Does the mining industry have a public relations problem?
PDAC 2018 was an invigorating experience that left me with a great deal of optimism about the future of the mining industry. Conference attendance reached near-peak levels and the buzz of enthusiasm was palpable at the trade show and investor exchange. Other highlights from the week included Goldcorp’s #DisruptMining, where industry innovators demonstrated their latest ground-breaking technologies. And at SDC, we hosted our second annual SDC Mining and Sustainability Breakfast with a presentation by Professor David Wheeler on Climate and transition to a low carbon economy: the great disruption or the great opportunity for extractive industries.
During the presentation and again during the follow-up discussion, I kept coming back to the same thought: “Why are we, as miners, so bad at telling our sustainability story?” It’s a shame, because our story is a compelling one to tell. Within PDAC’s plenary sessions, I heard one example after another of miners seeking to address some of the most challenging su stainability questions like: protecting biodiversity, improving safety or promoting cultural heritage.
If we are truly taking mining to the next level via sustainable development (and I do believe we are), then why does the public maintain such negative feelings about mining?
According to Professor Wheeler, a company can never fully integrate sustainability into its culture if it is fixated on compliance. Compliance is mandatory but not transformative. So how can we, as miners, take our sustainability culture to the next level?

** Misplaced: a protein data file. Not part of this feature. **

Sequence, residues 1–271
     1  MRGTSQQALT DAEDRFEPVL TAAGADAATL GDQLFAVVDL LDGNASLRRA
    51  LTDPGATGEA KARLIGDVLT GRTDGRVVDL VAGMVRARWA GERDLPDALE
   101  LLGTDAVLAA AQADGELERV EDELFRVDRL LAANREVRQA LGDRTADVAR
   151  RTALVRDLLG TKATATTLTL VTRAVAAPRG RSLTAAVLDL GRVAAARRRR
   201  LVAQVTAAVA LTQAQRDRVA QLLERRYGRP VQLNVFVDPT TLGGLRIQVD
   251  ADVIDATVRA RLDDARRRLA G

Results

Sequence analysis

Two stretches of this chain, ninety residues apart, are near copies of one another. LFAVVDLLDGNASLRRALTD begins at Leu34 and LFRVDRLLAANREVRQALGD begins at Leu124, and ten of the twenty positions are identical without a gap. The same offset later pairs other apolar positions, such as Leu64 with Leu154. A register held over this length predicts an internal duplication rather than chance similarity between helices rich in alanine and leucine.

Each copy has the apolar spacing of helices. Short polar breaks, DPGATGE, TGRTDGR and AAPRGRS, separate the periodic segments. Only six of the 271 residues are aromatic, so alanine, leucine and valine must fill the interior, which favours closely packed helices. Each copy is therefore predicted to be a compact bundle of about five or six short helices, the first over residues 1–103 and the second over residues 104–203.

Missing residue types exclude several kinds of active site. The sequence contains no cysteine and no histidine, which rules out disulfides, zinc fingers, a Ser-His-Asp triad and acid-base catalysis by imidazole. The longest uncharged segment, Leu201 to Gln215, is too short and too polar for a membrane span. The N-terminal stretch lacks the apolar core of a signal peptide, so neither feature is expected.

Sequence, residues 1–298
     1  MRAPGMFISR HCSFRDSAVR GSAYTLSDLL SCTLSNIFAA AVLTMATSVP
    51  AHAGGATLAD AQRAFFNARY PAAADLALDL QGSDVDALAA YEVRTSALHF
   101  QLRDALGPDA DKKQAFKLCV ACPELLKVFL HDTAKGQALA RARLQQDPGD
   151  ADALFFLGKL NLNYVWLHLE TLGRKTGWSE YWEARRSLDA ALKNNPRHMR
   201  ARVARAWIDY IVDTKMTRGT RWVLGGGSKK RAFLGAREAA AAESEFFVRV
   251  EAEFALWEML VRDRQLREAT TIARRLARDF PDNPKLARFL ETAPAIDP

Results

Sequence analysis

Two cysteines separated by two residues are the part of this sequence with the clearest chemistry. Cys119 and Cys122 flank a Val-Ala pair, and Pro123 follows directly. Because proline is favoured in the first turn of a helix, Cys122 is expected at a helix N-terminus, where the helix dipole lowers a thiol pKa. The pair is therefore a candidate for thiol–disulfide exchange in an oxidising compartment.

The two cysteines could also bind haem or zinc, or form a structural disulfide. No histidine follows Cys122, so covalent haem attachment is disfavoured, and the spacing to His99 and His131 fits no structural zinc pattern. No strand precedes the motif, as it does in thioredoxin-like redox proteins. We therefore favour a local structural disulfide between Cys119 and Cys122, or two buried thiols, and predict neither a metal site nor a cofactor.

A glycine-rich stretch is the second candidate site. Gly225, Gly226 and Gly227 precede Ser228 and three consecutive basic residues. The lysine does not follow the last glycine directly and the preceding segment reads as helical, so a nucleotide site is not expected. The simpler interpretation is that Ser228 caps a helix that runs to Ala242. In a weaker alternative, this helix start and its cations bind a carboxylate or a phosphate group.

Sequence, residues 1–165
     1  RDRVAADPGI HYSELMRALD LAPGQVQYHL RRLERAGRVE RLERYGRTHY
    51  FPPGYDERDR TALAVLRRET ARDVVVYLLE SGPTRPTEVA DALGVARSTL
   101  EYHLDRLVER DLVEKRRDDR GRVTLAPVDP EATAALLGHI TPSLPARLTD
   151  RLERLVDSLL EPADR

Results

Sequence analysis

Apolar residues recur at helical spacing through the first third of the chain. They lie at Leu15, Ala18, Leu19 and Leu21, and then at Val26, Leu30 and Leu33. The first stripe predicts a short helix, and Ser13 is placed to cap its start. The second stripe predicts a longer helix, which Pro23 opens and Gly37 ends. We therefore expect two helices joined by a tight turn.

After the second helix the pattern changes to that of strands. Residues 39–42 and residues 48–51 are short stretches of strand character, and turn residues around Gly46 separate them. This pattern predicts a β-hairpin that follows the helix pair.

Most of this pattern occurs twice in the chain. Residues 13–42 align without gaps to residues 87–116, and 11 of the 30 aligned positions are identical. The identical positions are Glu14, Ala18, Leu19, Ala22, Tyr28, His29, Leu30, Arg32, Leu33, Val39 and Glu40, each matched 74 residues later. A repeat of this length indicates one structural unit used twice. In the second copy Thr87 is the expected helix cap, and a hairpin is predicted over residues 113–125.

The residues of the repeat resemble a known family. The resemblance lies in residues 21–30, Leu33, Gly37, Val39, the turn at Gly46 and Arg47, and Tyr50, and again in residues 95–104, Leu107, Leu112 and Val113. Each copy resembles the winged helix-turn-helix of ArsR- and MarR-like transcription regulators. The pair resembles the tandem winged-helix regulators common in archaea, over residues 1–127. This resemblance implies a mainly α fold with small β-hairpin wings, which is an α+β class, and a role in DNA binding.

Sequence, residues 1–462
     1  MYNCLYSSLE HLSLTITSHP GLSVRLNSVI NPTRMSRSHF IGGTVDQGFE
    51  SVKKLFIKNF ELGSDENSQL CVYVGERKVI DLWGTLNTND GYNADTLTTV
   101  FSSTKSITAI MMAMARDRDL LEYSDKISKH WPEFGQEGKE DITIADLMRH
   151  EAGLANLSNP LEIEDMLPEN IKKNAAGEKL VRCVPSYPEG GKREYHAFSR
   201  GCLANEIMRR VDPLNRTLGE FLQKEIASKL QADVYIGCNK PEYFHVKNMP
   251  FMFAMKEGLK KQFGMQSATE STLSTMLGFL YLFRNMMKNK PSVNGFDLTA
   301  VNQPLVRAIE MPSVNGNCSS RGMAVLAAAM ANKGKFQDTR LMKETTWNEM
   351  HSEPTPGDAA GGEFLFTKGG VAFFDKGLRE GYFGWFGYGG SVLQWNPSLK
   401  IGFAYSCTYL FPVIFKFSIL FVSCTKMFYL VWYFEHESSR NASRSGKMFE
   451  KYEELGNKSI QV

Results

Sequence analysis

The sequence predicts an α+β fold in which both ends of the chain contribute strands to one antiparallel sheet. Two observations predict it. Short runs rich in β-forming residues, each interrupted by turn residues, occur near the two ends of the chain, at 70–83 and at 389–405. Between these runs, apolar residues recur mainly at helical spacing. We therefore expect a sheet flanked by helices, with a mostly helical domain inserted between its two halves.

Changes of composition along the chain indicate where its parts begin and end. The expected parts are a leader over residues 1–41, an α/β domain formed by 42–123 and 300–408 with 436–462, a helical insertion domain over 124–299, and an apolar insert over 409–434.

I looked to other industries which appear to have a favorable reputation, one of the most obvious is the booming tech industry. Apple struck me as having loyal customers that would wait day (or night) for the latest Apple product. So how did Apple address sustainability challenges?
In January 2018, Amnesty International released a report that claimed Apple, Samsung and other major electronics manufacturers were using raw materials that had been produced by child laborers in the DPR Congo. In response, Apple quickly issued a strongly worded statement that denounced child labor and other human right’s violations as being contrary to Apple’s own corporate policies. Apple followed up with a confounding and alarming admission: they could not immediately verify if raw materials used in their finished products had be produced by child laborers.
Despite the admission, Apple’s sales did not falter, and the company largely avoided increased scrutiny. In fact, Apple changed its methods and within a year and a half was being lauded for its supply chain transparency.
Reflecting on Professor Wheeler’s description of compliance culture vs. sustainable organization culture, I realized that mining has been perpetually stuck in compliance culture. If a similar scandal were to hit our industry, a massive amount of resources would be poured into simultaneously mitigating the fallout and rectifying the process. In order to transform from a compliance culture to a sustainable organization culture, miners need enough goodwill (from customers and investors) to weather the initial storm and then implement an innovative solution.
So how does mining create goodwill? By telling our amazing story. By explaining to those outside the industry that we have some of the best solutions to some of the greatest sustainability challenges. And by stating the simple fact: mining is essential to human progress. And while some miners are starting to tell this story (see below), an initiative led by an independent industry association, such as ICMM, would help miners generate the goodwill they need to take their sustainability culture to the next level.